Women are often told that their ailments are due to stress or other emotional factors. A little rest would solve the problem; it is just a ‘phase’. Some doctors would call a woman insisting on referral for further testing a hypochondriac, even in the presence of positive clinical tests (see e.g. Samulowitz et al. 2018 study and numerous articles in the New York Times, The Atlantic and elsewhere). Thankfully, there are enough doctors who look beyond textbook-like symptoms. They make it a point to listen and investigate as much as necessary. Yet the burden of finding a practitioner ready to listen lies with the patient.
Karen visited her gynaecologist complaining of headaches and substantial weight gain. Test results revealed a high prolactin level, which is normally produced during pregnancy or right after giving birth. Yet when Karen asked to be referred for an MRI to investigate for tumours in the pituitary gland, the doctor refused, telling her that she was ‘making a fuss’. Another doctor later referred Karen for an MRI, and the tumour was detected — a life or death analysis.
Some doctors would call a woman insisting on referral for further testing a hypochondriac, even in the presence of positive clinical tests.
Gynaecologists feature often when discussing gender bias. Without systematic training to counter biases, women are left to ‘shop around’ for a gynae that doesn’t shame them or belittle their wishes. This is surprising for a profession specialising in women’s health.
Reproductive issues open another can of worms. Some women who decide not to have children are treated as though they don’t know what they’re doing. Their doctors imply that the patient will inevitably change their mind, or try to guilt the patient into considering the feelings of a hypothetical man they might meet.
You would think that commitment to bear biological children would be respected, but women who undergo IVF are often treated with insensitivity too. Sandra* and her husband had a harrowing story to tell me. Sandra’s gynaecologist decided to immediately hurry her to IVF after the first visit about their concerns at not being able to conceive. The gynaecologist was rarely present for her many appointments at hospital, leaving Sandra to be passed from one doctor to another, internally examined by various doctors without explanation or prior request for consent. With the exception of one doctor, none of them introduced themselves. All along she tried to ask questions, but was kept in the dark about the situation, going along with the doctors’ instructions but losing trust. The outcome of the first procedure was unsuccessful, and because of how traumatising all this felt, the couple decided not to try again.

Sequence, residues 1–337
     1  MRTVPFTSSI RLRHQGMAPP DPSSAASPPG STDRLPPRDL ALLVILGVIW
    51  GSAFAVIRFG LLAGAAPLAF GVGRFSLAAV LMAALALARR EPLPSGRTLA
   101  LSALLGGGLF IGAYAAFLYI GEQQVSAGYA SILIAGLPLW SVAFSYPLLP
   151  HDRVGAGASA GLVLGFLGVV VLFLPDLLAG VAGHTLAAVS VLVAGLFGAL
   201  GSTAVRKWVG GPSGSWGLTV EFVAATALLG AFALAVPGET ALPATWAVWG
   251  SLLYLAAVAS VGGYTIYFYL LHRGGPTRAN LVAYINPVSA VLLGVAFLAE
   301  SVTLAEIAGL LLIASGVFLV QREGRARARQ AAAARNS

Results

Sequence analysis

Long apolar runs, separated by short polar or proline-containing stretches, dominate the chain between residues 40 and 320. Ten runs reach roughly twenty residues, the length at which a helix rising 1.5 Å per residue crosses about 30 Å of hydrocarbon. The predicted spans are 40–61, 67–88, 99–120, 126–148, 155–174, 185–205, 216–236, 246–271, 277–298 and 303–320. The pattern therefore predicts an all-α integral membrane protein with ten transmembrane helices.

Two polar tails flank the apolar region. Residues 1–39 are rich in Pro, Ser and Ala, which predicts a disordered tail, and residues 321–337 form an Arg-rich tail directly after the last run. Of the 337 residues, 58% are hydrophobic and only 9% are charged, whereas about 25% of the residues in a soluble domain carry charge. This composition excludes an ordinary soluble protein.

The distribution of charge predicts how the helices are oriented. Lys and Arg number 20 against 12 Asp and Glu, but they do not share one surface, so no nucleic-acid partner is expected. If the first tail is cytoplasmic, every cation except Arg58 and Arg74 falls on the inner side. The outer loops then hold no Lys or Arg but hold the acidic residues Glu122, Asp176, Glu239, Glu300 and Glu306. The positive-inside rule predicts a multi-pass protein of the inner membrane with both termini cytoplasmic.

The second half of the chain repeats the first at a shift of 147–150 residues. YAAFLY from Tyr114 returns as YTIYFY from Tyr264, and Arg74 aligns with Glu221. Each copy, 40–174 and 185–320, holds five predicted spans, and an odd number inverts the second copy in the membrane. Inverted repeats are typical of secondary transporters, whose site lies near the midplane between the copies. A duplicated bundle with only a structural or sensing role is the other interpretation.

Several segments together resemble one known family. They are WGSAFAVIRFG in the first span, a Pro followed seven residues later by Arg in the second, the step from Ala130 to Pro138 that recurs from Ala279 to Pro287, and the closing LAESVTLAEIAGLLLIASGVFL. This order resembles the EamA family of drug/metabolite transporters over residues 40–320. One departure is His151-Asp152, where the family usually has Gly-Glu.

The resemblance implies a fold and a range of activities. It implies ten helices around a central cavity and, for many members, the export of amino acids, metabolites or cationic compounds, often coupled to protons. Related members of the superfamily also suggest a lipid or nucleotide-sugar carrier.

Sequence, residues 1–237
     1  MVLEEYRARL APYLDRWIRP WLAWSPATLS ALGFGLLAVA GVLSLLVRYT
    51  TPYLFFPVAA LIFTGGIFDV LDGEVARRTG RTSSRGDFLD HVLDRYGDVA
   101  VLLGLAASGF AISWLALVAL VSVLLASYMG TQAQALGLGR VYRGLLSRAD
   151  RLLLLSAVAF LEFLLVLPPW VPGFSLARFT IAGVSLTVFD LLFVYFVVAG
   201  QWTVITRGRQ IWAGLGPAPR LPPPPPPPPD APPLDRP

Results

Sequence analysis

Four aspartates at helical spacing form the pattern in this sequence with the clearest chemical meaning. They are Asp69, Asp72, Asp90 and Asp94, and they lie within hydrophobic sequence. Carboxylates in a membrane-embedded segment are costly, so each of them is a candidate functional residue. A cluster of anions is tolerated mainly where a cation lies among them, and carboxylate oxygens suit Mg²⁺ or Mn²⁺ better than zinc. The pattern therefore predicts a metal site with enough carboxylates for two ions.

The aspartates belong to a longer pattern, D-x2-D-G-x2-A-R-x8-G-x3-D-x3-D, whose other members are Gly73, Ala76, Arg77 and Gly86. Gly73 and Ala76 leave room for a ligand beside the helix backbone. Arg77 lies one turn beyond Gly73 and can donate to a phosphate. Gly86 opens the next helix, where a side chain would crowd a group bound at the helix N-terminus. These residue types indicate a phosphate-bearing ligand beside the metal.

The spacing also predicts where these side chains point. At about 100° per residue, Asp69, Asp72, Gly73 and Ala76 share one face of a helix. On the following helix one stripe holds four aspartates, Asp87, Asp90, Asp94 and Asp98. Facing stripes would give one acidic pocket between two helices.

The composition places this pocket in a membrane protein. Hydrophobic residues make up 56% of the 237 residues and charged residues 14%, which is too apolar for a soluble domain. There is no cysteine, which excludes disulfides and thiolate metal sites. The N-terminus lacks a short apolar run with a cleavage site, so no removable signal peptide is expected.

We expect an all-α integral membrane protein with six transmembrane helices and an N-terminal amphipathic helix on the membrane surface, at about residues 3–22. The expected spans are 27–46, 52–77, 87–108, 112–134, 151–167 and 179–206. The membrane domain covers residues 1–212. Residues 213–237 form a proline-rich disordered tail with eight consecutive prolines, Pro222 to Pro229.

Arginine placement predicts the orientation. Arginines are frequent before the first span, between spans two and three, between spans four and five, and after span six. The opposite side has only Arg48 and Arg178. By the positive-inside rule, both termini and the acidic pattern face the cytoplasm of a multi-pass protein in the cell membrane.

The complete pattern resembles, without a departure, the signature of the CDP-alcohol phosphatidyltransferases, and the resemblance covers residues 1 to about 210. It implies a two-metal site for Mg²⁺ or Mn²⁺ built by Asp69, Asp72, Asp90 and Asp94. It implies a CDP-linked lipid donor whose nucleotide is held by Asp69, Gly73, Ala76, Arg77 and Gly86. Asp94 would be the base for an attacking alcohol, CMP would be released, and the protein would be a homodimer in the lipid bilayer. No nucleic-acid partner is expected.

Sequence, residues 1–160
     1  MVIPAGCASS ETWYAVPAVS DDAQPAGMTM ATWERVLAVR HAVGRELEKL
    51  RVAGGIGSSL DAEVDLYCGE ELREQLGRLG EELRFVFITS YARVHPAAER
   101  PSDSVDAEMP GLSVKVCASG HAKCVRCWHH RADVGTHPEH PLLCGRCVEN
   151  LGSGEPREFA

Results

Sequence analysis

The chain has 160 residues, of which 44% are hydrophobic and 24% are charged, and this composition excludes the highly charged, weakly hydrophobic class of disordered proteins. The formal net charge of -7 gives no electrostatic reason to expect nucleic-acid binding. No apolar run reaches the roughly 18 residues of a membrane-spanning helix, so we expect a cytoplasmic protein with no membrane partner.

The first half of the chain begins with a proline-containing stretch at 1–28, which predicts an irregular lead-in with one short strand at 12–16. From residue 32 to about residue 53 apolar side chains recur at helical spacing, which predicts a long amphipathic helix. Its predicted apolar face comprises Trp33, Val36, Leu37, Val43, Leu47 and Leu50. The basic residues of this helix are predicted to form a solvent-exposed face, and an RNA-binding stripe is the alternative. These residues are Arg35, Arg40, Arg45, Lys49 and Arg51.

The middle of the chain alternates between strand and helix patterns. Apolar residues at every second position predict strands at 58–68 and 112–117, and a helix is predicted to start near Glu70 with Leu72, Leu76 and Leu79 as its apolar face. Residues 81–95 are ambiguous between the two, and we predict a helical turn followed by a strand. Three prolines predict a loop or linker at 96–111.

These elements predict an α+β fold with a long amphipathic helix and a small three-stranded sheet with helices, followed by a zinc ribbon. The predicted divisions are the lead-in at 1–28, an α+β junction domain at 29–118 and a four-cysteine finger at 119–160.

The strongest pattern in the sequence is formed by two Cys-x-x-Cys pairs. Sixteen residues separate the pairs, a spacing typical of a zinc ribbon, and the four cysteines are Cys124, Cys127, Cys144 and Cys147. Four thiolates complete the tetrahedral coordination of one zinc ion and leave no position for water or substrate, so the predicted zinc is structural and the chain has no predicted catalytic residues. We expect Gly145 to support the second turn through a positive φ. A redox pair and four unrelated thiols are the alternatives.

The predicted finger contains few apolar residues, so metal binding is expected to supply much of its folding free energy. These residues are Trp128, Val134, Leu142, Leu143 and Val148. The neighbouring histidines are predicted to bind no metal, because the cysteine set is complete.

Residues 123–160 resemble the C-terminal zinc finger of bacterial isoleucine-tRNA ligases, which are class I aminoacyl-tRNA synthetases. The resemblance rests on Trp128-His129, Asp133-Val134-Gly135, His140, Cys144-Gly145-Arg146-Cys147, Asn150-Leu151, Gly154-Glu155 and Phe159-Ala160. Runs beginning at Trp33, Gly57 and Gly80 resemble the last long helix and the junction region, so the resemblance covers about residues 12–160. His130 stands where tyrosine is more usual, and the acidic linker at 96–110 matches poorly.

Unlearning the bias
Pain is subjective and difficult to measure. An individual’s tolerance to pain is affected by various factors, and pain perception may change with time and experience. Pain causes distress, which makes it difficult to measure objectively. So how can overworked doctors make the best possible assessment?
In her thesis titled ‘The Chronic Pain Management Service: Awareness and Perceptions Among Healthcare Professionals’ (University of Malta, 2008), Maria Campbell studied pain perception in other healthcare professions in Malta back in 2008, finding out that outdated attitudes have not been challenged. She writes, ‘Incomplete knowledge, outdated attitudes, myths, and misconceptions about pain and its management contribute to unsafe, inadequate, and inappropriate pain management.’ Medical practitioners wanted to be more up-to-date: ‘The need for information in the form of leaflets, seminars, and continuing education was echoed in the overall answers (90%) of the close-ended question and in the statements declared by participants.’ But before this training becomes systemic, the radical act of listening to women is a good place to start.
* Name has been changed
Fassler, J. ‘How Doctors Take Women’s Pain Less Seriously’. The Atlantic. October 2015.